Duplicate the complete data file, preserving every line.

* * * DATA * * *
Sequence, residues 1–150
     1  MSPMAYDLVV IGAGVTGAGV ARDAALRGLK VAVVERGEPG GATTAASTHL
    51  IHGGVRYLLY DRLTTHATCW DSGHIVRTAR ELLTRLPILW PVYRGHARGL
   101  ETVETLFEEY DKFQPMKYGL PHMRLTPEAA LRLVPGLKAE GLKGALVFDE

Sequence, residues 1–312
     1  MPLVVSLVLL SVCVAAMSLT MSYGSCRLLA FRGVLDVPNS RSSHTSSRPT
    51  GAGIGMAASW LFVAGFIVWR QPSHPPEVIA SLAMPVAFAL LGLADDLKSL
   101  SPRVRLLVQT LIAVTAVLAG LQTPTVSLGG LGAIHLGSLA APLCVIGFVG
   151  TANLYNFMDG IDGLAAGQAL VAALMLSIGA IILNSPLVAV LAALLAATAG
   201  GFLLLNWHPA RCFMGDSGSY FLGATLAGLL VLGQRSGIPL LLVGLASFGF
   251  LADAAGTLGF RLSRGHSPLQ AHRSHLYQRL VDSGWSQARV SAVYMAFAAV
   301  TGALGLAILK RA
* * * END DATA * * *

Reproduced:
Sequence, residues 1–150
     1  MSPMAYDLVV IGAGVTGAGV ARDAALRGLK VAVVERGEPG GATTAASTHL
    51  IHGGVRYLLY DRLTTHATCW DSGHIVRTAR ELLTRLPILW PVYRGHARGL
   101  ETVETLFEEY DKFQPMKYGL PHMRLTPEAA LRLVPGLKAE GLKGALVFDE

Sequence, residues 1–312
     1  MPLVVSLVLL SVCVAAMSLT MSYGSCRLLA FRGVLDVPNS RSSHTSSRPT
    51  GAGIGMAASW LFVAGFIVWR QPSHPPEVIA SLAMPVAFAL LGLADDLKSL
   101  SPRVRLLVQT LIAVTAVLAG LQTPTVSLGG LGAIHLGSLA APLCVIGFVG
   151  TANLYNFMDG IDGLAAGQAL VAALMLSIGA IILNSPLVAV LAALLAATAG
   201  GFLLLNWHPA RCFMGDSGSY FLGATLAGLL VLGQRSGIPL LLVGLASFGF
   251  LADAAGTLGF RLSRGHSPLQ AHRSHLYQRL VDSGWSQARV SAVYMAFAAV
   301  TGALGLAILK RA